Apple hides a Patriot-Act-busting "warrant canary" in its transparency report


"A green budgie sitting on a human finger." Thomas Skjaeveland/Shutterstock.

The Patriot Act provides for secret warrants to spy on ISPs' customers. These "Section 215" warrants come with gag orders that mean that the company can't disclose their existence. This lack of transparency is ripe for abuse and is bad for ISPs' business. Apple is fighting back with a "warrant canary": they've published a transparency report (PDF) that states "Apple has never received an order under Section 215 of the USA Patriot Act. We would expect to challenge an order if served on us." If they are served with a 215 order in future, their next transparency report will drop this language, omitting any mention of 215, and keen-eyed watchers will know that they've been subjected to a secret order. I proposed a more ambitious version of this in September, though I was hardly the first person to suggest it. Good for Apple for using it.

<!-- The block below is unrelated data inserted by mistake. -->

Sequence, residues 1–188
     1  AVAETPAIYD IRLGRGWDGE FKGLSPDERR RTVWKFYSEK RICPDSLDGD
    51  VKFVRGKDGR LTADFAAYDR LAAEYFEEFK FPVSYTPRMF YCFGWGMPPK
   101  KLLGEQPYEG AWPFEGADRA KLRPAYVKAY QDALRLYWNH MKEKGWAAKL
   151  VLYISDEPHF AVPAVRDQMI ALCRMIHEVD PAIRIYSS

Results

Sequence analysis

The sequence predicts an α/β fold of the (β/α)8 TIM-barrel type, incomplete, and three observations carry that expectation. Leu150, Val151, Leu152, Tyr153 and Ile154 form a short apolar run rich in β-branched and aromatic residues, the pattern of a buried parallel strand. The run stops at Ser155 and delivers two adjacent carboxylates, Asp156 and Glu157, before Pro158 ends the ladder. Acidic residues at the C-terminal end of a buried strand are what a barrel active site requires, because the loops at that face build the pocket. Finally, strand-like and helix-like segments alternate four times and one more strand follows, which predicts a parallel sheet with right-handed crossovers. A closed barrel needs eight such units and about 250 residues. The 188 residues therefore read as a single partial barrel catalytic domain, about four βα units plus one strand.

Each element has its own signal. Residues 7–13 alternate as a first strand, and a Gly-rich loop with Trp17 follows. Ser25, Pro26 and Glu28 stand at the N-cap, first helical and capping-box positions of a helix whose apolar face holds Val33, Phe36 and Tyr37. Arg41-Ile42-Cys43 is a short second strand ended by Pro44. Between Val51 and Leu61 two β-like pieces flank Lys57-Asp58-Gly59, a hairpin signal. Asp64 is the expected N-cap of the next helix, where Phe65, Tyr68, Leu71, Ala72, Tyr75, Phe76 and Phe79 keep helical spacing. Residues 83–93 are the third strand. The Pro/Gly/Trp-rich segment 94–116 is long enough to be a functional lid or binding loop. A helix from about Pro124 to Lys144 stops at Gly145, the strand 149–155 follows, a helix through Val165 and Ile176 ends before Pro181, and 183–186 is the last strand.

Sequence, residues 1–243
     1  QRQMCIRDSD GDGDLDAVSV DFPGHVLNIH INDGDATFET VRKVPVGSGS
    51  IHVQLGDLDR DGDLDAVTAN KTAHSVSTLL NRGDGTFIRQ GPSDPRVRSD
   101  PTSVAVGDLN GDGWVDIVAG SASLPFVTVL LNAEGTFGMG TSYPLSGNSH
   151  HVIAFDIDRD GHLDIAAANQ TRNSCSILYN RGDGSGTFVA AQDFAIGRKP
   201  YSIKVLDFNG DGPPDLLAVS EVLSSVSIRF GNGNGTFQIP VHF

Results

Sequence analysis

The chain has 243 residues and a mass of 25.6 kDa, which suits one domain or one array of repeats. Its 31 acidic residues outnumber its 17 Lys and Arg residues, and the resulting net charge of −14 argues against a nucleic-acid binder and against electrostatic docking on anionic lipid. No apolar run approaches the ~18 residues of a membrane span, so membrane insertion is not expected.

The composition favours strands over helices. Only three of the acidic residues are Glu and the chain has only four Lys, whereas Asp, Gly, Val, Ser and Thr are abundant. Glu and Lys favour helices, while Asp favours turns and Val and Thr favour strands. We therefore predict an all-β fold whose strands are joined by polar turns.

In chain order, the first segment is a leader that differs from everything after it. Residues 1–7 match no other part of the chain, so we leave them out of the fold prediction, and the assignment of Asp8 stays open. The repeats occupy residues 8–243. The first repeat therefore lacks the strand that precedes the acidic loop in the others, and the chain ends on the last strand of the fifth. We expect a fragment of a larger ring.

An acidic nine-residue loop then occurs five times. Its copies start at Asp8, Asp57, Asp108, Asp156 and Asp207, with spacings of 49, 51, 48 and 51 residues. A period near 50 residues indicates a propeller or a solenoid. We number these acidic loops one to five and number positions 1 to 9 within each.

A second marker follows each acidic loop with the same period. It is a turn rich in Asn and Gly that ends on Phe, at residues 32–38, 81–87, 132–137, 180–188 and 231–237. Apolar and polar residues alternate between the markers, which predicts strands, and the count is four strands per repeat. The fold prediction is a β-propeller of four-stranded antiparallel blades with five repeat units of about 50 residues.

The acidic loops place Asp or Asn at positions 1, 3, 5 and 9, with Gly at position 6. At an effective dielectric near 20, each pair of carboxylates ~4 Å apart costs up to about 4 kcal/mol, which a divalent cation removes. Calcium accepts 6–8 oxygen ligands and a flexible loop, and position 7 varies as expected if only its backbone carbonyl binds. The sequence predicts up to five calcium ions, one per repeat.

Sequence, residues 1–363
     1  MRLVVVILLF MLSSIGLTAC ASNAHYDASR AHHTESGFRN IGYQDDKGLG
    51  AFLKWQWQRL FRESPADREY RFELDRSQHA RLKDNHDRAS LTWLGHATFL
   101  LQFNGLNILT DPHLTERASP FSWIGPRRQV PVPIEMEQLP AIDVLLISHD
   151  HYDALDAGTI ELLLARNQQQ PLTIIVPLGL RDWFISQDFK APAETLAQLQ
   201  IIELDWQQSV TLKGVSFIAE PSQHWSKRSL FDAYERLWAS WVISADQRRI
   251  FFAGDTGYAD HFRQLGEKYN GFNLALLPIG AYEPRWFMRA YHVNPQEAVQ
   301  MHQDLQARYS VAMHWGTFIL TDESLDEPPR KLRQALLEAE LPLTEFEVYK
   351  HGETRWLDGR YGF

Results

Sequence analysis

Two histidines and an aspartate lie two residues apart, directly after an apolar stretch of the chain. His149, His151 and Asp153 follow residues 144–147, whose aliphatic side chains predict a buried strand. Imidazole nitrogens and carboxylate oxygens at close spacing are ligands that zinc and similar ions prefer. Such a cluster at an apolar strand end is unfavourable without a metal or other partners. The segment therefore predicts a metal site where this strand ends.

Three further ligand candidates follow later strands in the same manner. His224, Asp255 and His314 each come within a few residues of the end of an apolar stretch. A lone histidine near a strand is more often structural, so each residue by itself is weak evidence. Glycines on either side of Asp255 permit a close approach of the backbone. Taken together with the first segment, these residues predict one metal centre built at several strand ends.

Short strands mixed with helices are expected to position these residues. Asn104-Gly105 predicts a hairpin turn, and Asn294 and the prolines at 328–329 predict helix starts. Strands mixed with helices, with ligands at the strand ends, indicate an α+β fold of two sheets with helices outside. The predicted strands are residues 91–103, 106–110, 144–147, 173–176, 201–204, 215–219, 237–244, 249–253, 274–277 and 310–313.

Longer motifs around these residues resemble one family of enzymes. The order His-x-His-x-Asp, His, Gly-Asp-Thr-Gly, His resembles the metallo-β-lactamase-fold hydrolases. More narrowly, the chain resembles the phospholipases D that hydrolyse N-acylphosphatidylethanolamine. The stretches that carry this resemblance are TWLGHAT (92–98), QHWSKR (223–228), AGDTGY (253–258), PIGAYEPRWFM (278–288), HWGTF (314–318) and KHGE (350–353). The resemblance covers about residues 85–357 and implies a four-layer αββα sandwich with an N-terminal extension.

Notable Replies

  1. Next step, a ban on being able to confirm or deny whether you've received one.

    After that, well, there's really only [REDACTED]

  2. Next step is the NSL requiring the recipient to deny they have ever received a NSL. At that point, we drop the canaries, and anybody denying it is compromised. And the arms race continues.

  3. jgi says:

    Maybe I'm old fashioned, but I imagine that if the US Government tried to go to toe-to-toe with Apple... you know, the company that has $150B in cash and has a ubiquitous device that lives in the pockets of many elected officials ... well, I'm thinking that Apple would probably win, canary or not. Money talks, bullshit walks, etc. Golden rule... he who has the gold makes the rules. You get my drift. That's how it works in America.

  4. Warrant Canaries have not yet been tested in court. However, they are likely to be tolerated in that requiring someone to lie is a severe violation of the First Amendment. Folks on BBS have shown pretty solidly in other conversations on this subject that Warrant Canaries should work and have given some examples rooted in current legal trends. If you've got some evidence to the contrary, I'd love to hear it (not sarcastic, I'm endlessly curious).

  5. That bird in the graphic is a budgie, not a canary. The OCD is really burning on that one.

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